To structure the lessons and give a logical sequence to the content, the teacher will use a lesson plan. This is a working document that forms a record of what has been taught previously, as well as what will be taught in the future. It will give general information of the class, the focus of the lesson, identify any anticipated problems, and solutions to them, and set out the learner and teacher aims. The plan will show what course books will be used and what activities the class will be doing. Plans also show how much time to spend on each sequence, or set of sequences, of the lesson, be it the engage, study or activate stage.
At various stages of the course, a teacher will set tests when the learning targets have been reached. These progress tests will be valuable in identifying the areas that they will need to go over or further develop. A good teacher will be able to correct students without offending them or affecting their motivation and desire to learn. An important aspect of this is to give positive feedback and support to them.
Good correction skills are important and take time and experience to learn. Identifying to the student the difference between what is a mistake and what is wrong is important, as is being aware of cultural sensitivities. The students will then know how they are progressing and what is needed to further develop their learning. This will also give the teacher an understanding of how they are performing as educators. A good teacher will continually self assess, learn how to amend the various resources to improve the lessons and identify areas they need to improve on. As in any field, teachers need to learn from their mistakes as well as successes.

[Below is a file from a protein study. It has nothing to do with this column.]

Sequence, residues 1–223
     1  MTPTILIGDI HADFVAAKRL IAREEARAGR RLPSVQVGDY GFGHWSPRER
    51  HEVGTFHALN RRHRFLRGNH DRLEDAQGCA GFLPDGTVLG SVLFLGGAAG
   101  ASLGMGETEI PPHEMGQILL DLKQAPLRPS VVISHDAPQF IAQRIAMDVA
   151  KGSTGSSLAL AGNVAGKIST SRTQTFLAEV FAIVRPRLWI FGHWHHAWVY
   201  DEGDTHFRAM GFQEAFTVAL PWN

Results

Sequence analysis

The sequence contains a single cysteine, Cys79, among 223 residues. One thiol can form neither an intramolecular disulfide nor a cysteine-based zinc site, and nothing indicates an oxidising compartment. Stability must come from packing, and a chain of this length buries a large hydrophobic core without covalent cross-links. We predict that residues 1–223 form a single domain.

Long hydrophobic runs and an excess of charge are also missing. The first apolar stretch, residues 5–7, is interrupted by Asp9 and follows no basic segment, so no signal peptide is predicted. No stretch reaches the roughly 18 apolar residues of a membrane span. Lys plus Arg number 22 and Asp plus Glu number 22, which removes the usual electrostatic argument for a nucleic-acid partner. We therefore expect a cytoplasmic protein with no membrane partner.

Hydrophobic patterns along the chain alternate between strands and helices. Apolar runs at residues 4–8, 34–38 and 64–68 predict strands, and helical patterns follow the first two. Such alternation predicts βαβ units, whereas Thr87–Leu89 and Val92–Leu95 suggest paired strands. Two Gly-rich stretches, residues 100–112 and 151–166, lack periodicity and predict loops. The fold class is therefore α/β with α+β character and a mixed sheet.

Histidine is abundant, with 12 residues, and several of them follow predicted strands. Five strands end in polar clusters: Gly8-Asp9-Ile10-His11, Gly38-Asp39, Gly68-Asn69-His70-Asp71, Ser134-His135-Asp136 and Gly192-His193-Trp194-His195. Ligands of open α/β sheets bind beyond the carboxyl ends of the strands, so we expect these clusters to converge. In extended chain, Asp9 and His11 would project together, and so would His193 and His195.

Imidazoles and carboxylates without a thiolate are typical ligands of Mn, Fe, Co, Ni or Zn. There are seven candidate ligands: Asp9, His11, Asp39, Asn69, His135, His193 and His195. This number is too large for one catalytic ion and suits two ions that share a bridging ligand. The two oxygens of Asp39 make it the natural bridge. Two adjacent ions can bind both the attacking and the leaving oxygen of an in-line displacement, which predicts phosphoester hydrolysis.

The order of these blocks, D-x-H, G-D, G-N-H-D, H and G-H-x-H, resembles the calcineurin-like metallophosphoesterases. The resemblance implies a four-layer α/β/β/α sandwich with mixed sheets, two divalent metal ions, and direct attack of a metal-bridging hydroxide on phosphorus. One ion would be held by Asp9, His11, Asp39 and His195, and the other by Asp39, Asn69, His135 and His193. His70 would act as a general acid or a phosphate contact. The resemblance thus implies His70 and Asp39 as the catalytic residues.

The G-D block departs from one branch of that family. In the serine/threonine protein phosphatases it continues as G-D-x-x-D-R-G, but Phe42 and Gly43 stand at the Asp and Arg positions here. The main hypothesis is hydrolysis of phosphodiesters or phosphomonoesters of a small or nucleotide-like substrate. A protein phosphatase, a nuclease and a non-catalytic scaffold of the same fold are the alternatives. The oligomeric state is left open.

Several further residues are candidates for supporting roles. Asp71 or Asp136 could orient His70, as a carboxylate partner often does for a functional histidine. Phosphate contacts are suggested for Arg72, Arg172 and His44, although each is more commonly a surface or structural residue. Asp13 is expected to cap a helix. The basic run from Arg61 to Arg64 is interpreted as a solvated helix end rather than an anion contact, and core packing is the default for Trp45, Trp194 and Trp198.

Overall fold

If there are final exams for the course, the teacher will set practice tests that follow the format and structure of the external exams and use these for revision and assessment. A good teacher must be able to work with the students at their level and be as hands-on as practicable. Their role is to show the students what to do, do it with them and then let them do it for themselves. This is the idea of the ESA method taught in this course.
Do you want to teach English abroad? Take a TEFL course today!
The teacher's role is broad and complex. If they focus on relationships, content knowledge, lesson plans and sequence of learning, the teacher can ensure that their students will learn and they will find teaching very rewarding.
Speak with an ITTT advisor today to put together your personal plan for teaching English abroad!
Send us an email or call us toll-free at 1-800-490-0531 to speak with an ITTT advisor today.
- Online or In-Class - Which TEFL Course Should You Take?
- The Truth About TEFL for Non-Native English Speaking Teachers
- How to Save Money While Teaching English Abroad?
- Two Traveling Teachers Share What It's Like Teaching English Abroad as a Couple
- The 12 Most Affordable Countries For Teaching English Abroad
- The Best Countries to Teach ESL When You're 50+
No comments yet